Posted April 28, 2016 by Kerry McFall #blueberrybees #oldbluerawhoney
A couple of weeks ago, I started to stroll past my blueberry bushes but stopped in my tracks. It was barely mid-April, but- already they were in full bloom and COVERED with bees. Inspiration struck and I had no choice but to pull out my paints and get busy.
There’s nothing like the process of making art to make you pay attention: the tops of the pantaloon-leg blossoms are skyblue-pink-green-burgundy. Gorgeous. The blossoms are creamy and frilly, and filled with stamens and pistils and pollen, oh my! The bees seemed drunk, the pollen sacks on their legs heavy with golden powder. I snapped a few photos, and my favorite was this busy fella, head buried in one blossom and apparently calling dibs on the neighboring blossom by hanging on to it with one back leg.
Bees have had a hard time lately, but there are people paying attention and trying to help them survive and thrive, and making delicious honey, too. For instance, in one of those serendipitous coincidences, just this morning I received an e-mail from a fellow artist endorsing a local honey producer, the folks at http://oldbluenaturalresources.com/. I was not aware of them before, but their web pages are beautiful and quite amazing. Talk about knowing where your food comes from: they can tell you where, as in which meadow or mountainside, your honey came from, and whether your honey comes from primarily blackberry blossoms or poison oak (who knew that poison oak could be a great source of butter-scotchy-tasting honey?!) They do Honey Tastings! It must be like the “terroir” of fine wine, with each geographic and botanical source lending its own special flavors…mmm.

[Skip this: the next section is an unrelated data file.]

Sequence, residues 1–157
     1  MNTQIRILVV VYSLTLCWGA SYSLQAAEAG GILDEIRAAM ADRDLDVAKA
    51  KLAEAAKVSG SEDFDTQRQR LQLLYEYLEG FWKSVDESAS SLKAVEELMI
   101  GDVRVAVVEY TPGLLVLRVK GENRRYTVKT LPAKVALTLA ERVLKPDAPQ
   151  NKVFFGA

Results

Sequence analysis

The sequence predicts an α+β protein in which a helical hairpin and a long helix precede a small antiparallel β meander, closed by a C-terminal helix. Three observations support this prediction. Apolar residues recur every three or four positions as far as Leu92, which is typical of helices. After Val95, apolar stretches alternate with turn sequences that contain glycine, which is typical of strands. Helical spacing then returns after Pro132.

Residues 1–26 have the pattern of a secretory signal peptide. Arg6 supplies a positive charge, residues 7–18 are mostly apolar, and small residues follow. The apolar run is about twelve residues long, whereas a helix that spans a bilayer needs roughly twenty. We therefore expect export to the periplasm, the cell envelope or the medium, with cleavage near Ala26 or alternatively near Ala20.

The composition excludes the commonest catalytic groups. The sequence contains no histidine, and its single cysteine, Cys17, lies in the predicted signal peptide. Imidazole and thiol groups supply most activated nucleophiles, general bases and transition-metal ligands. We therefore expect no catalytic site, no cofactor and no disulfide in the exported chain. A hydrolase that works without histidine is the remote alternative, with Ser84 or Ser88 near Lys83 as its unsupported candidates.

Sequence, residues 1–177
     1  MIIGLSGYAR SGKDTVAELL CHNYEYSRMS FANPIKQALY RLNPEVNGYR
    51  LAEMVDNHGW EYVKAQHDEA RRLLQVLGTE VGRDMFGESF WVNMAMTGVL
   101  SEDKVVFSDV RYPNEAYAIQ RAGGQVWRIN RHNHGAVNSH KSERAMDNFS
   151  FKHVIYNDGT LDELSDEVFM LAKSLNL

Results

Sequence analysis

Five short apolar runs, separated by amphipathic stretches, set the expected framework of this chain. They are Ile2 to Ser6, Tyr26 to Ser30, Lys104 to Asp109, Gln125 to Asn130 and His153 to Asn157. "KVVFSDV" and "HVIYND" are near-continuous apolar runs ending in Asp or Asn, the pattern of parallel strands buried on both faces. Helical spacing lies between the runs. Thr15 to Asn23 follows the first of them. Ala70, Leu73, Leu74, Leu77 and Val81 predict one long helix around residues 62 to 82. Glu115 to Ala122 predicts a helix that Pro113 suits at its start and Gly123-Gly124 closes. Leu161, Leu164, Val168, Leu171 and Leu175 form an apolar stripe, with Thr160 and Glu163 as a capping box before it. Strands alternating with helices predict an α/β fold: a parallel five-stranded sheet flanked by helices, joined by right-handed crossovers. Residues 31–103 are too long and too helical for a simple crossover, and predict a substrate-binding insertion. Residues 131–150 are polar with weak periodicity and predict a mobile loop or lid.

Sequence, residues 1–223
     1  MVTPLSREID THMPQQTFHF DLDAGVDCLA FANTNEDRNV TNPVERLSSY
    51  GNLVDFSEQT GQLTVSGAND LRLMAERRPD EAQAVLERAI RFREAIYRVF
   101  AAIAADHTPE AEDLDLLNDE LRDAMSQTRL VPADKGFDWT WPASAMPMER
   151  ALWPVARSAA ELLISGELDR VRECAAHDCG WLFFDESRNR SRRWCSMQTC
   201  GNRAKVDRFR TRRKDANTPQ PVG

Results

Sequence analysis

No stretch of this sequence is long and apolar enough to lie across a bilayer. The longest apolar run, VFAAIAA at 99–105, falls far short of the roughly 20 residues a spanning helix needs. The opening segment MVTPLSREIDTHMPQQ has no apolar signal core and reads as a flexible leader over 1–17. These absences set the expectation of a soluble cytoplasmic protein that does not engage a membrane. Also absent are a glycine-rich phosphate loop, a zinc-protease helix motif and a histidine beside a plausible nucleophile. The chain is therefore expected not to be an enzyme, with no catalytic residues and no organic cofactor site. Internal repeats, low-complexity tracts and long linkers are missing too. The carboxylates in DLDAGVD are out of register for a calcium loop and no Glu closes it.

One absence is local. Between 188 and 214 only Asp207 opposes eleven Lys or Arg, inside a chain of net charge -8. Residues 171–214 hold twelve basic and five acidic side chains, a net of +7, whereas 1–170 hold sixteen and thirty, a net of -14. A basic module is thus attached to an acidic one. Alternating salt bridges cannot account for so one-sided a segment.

On a smaller scale, a neighbor recently posted about her backyard hives in an article titled Bee Mysteries.
If you’re a bee or blossom fan, you might also like to take a look at another painting I did last year, “Apple Blossoms“. The original is still available, email email@example.com if you’d like to buy “Dibs” or “Apple Blossoms”!
The background was created using tulle netting for the small honeycomb textured areas, and sponges. I used watercolor paint, black and white ink, and gouache paint.